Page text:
5. A clear, clear example of the Federal Circuit’s schizophrenic approach to claim construction. IF claim construction is an issue of law — as the CAFC says it is — then is decision is utterly unjustifiable. A court cannot deny a PI that turns solely on a question of law (which appears to be the case here) by saying that that question of law is just real hard to figure out . . . . The Federal Circuit should quit the charade, or the Supremes should step in and finally decide what everyone knows — claim construction is a mixed question that usually involves subsidiary factual questions that should be reviewed for clear error.

  6. Interestingly, there was a news bit here from 3rd March stating that the PI was the poor man’s road to a quick appeal on the claim constructions. Now the district courts are being told they needn’t construe claims before making a PI decision?

  7. “In this case, the district court did not construe the claims prior to denying the PI request. It did note, however, that “questions exist” as to whether the patented invention requires direct gearing and a non-rotatable piston — elements not found in the accused product.”

    Gosh, the claims are typical medical device horsecrap, designed to confuse the unfortunate reader (i.e., the Examiner and the public). But let’s look at the specification and see what it says: “It is an objective of the invention … to provide a device wherein is established a direct gearing, i.e. a gearing by which more transformations of rotational movement to linear movement and linear movement to rotational movement are avoided, between the injection button and the piston rod.”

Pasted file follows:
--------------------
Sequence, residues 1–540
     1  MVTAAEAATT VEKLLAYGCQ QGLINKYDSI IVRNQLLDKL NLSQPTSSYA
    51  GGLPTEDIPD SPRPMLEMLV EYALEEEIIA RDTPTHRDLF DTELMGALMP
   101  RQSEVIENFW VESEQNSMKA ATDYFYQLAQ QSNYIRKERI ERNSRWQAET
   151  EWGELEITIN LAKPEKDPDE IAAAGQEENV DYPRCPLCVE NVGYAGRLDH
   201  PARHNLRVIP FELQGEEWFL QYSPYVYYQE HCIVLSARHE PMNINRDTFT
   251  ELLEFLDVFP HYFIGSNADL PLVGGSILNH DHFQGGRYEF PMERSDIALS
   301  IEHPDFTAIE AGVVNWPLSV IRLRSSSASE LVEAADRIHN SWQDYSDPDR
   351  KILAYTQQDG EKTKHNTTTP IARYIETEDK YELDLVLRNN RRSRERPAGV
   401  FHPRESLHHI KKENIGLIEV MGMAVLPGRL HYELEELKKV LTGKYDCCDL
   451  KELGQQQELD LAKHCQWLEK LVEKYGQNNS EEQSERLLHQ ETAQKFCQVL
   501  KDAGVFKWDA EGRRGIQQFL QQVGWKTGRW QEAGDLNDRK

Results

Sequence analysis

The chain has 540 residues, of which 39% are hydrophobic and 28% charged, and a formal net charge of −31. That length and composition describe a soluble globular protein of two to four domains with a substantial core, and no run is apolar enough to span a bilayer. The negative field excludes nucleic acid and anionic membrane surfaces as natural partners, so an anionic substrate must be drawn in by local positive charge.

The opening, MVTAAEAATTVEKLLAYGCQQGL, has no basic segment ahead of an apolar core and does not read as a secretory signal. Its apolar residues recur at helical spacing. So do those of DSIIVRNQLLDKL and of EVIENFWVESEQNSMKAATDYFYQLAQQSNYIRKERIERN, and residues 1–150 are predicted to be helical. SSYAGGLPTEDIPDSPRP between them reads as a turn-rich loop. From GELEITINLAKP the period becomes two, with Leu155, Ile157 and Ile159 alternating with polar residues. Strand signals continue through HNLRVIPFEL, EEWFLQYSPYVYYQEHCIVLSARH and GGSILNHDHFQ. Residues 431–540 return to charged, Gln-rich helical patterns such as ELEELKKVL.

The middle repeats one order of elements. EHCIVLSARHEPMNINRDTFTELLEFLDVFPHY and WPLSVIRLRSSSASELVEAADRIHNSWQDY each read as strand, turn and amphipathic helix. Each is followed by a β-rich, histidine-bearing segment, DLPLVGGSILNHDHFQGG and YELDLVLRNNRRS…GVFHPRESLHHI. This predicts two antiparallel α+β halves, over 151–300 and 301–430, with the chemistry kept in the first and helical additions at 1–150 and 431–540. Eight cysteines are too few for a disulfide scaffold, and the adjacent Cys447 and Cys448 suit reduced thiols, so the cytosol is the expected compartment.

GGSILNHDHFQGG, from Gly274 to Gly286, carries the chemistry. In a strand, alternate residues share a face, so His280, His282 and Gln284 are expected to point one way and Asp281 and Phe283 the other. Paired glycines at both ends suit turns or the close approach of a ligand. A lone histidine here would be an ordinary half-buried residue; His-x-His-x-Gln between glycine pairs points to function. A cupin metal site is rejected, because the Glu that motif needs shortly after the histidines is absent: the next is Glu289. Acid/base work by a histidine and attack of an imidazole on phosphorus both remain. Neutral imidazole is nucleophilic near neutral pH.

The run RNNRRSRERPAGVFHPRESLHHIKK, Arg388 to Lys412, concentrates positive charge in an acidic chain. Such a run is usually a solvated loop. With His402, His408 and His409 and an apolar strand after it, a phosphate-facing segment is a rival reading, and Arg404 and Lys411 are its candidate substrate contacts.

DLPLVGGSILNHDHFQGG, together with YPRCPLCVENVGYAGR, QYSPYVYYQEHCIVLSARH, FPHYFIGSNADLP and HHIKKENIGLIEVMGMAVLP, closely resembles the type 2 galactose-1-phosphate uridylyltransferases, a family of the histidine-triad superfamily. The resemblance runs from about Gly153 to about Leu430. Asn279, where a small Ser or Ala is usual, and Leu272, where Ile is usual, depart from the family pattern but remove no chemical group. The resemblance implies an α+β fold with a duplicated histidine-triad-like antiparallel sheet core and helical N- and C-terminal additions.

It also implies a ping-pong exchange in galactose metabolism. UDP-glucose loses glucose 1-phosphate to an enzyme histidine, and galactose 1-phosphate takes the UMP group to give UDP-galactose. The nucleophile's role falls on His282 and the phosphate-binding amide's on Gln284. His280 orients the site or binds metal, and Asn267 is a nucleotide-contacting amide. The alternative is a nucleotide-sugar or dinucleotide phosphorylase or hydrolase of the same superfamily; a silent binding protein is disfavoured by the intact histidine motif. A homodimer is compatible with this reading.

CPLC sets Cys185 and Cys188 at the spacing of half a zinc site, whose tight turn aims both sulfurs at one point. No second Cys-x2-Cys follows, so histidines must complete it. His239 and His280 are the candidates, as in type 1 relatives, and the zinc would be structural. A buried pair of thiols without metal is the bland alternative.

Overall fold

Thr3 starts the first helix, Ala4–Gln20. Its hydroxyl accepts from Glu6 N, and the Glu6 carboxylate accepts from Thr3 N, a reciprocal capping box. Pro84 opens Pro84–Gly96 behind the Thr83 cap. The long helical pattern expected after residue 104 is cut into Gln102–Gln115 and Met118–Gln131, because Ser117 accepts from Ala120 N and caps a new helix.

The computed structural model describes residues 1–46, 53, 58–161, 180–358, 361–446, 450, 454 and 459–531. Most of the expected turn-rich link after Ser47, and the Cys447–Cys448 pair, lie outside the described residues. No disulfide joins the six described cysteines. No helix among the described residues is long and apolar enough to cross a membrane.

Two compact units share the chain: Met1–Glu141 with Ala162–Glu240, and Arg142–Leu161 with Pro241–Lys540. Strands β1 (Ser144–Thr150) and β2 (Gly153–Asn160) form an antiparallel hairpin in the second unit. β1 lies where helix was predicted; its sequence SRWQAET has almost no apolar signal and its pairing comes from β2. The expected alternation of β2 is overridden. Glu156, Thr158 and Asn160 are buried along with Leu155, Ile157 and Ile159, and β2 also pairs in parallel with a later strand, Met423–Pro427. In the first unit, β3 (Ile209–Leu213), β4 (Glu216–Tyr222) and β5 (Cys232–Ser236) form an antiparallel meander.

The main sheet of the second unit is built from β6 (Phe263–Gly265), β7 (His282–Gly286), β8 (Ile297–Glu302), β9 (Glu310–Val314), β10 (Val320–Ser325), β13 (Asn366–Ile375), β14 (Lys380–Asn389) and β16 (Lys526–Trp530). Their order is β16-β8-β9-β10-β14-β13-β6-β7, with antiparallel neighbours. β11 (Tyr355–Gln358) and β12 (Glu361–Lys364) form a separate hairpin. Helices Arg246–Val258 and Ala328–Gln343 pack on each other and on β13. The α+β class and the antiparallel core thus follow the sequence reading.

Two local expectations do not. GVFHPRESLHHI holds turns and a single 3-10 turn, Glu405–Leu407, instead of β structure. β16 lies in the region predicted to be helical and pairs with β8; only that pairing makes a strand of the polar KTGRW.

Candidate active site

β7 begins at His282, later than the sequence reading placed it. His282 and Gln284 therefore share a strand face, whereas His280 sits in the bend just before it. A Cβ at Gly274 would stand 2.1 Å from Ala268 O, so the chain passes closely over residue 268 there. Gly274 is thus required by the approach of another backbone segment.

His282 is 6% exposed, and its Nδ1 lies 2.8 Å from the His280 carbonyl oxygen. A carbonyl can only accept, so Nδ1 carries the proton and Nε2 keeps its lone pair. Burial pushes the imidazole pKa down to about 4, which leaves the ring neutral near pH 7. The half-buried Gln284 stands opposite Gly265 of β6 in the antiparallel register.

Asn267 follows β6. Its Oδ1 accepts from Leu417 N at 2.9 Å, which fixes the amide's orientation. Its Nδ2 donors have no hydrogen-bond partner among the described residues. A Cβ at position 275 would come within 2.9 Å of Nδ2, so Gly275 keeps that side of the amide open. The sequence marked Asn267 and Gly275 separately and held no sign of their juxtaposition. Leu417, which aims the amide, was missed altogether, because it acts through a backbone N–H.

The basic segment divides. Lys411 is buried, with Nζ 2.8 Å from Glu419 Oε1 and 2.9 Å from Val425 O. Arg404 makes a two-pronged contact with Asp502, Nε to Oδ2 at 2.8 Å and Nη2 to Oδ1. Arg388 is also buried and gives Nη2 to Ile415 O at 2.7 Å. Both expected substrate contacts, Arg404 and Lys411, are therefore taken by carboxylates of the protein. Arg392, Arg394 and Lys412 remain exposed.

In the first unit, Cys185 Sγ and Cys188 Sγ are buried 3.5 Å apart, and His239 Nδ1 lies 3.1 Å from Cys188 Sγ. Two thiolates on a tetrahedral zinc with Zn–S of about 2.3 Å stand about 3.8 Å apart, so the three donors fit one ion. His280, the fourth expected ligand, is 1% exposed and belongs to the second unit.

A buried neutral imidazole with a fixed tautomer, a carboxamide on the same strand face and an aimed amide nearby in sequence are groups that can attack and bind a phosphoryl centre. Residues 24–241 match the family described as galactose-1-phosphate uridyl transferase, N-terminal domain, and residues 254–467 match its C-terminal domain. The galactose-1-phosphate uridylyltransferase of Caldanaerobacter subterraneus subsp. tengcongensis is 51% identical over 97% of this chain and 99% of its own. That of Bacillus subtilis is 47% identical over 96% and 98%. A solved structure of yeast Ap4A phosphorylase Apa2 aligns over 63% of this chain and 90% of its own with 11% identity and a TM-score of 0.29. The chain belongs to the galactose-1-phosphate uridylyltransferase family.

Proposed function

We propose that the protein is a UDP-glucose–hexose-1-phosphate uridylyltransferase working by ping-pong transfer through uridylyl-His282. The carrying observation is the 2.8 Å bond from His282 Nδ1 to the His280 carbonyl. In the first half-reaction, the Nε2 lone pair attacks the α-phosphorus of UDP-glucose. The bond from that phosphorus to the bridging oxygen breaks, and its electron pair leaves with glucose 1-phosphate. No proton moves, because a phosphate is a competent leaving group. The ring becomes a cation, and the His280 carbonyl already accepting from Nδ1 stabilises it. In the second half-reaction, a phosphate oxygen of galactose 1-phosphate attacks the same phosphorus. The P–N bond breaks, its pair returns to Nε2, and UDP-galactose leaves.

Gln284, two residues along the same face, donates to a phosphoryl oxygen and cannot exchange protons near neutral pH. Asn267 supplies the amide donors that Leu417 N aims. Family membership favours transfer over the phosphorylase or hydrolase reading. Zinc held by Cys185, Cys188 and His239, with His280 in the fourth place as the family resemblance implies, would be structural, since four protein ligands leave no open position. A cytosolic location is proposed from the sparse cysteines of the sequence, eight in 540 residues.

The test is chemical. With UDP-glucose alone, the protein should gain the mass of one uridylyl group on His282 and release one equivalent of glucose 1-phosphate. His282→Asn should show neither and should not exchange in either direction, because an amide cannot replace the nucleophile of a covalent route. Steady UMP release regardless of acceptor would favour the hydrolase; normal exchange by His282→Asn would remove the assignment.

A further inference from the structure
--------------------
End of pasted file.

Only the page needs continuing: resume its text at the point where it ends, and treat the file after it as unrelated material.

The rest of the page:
So the district court was being kind. There are no “questions” about non-infringement. So why did Novo Nordisk file this lawsuit? Answer: Because they have a patent and it’s often useful to beat their competitors over their heads with it. The risk of being sanctioned for harassment is just about nil and even then the sanctions would probably not outweigh the benefits of swinging the baseball bat around and letting everyone know how “serious” they are about their IP.

    And let’s be frank. It’s 2008. A non-obvious syringe is like a non-obvious candy bar. Anybody who has ever worked in a lab or hospital knows that, like “energy drinks,” the success of these products is 95% due to the way they are peddled to the middlemen in the supply chain.

  8. The CAFC has quietly been doing a very good job of turning-around preliminary injunction cases (as well as those involving a stay of relief). I’m working on some numbers.

  9. “the CAFC quickly affirmed”

    I’ll say. Twenty day turnaround. Oral argument on 7/10, opinion on 7/30.

  10. “it is irrelevant whether this case presents greater issues of claim construction or validity—the existence of one or both of these issues is sufficient”

    So if the existence of an issue is sufficient to justify a decision, it is irrelevant whether the issue is presented?